Stardew Valley is undoubtedly one of the most influential indie games ever made. Building on the foundations built up by the likes of Harvest Moon, it has become a staple of the life sim genre. Just like how Harvest Moon influenced Stardew Valley, Stardew Valley itself has gone on to inspire others. Pixel Sprout Studios’ Sun Haven is the latest addition to the ever-growing list of Stardew Valley-inspired life sims.
World’s Dawn, Littlewood, Hokko Life, My Time At Portia, and many more. The life sim genre has become oversaturated, making it harder than ever for games to stand out from the crowd. It isn’t enough to just be a Stardew Valley clone because that doesn’t hold any long-term value. Any game looking to enter the life sim genre has to somehow differentiate itself enough for gamers to stick with it.
Welcome to Sun Haven
Sun Haven is another farming-centric life sim that at first glance is comparable to Stardew Valley. However, it is by no means a mindless clone. This game moves away from many of the core themes set by Stardew Valley in favor of its more traditional RPG roots.
From skill trees to equipment tiers covering both weapons and armor, Sun Haven has more in common with an action RPG than Stardew Valley. Furthermore, it has a detailed narrative and story to work through, whilst Stardew Valley focuses more on the gradual development of a community.
By far the biggest difference between this and Stardew Valley is the pacing. The latter is a slower game. Making substantial progress can take tens of hours. In contrast, maxing out a skill in Sun Haven or even completely overhauling your equipment is a relatively easy task.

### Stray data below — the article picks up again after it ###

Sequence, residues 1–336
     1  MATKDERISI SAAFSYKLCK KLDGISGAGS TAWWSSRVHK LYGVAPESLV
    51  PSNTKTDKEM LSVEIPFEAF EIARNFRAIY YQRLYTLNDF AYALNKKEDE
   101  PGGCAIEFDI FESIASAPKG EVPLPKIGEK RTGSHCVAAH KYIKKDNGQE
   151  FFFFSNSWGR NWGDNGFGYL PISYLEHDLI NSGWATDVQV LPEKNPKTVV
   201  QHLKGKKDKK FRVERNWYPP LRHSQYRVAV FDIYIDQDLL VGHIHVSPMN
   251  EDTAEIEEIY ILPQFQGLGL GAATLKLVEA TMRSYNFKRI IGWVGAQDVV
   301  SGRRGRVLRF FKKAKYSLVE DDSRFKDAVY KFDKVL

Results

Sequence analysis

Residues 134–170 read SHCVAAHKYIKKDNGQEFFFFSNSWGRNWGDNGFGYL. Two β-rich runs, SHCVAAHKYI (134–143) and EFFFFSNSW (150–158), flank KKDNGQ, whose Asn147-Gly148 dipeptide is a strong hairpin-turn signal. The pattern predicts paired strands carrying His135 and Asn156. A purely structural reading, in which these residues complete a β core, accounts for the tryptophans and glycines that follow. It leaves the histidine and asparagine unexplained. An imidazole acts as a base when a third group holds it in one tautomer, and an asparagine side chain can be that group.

These differences in design philosophy even extend to simple aspects like movement. Sun Haven gets rid of the cursed stamina mechanic of Stardew Valley and provides several methods of getting around faster via the exploration skill tree. Even though the world of Sun Haven is big, this increased movement allows you to explore it without using up a whole day just to get where you want. Everything in Pixel Sprout Studios’ game caters to the player more so than its inspirer.
Getting to work
There are a lot of different things to do in Sun Haven. You can level up skills, customize your farm, adventure into the mine, explore the wilderness and slay anything that dares to get in your way. Those looking for something a little more relaxed may instead prefer to build up a relationship with one of the fifteen romanceable characters.
The best part? All of this is supported in multiplayer where you and up to seven of your friends can work together. Having the option of eight-player multiplayer in a life sim is one hell of a unique selling point.
It’s not just the gameplay where player choice is prioritized either. The character customization screen features levels of diversity that Stardew Valley could only dream of. Thanks to its fantasy setting, Sun Haven can remove the limits of reality and allow a player to become whatever they want.
There are currently seven races: Angel, Amari, Demon, Elf, Elemental, Naga, and Human. Each one has a wide range of customization options from hairstyles to clothing to accessories. I find it easier to get immersed in a world when my character feels more personal to me, and a generic protagonist can hurt a game’s ability to get me invested in its world.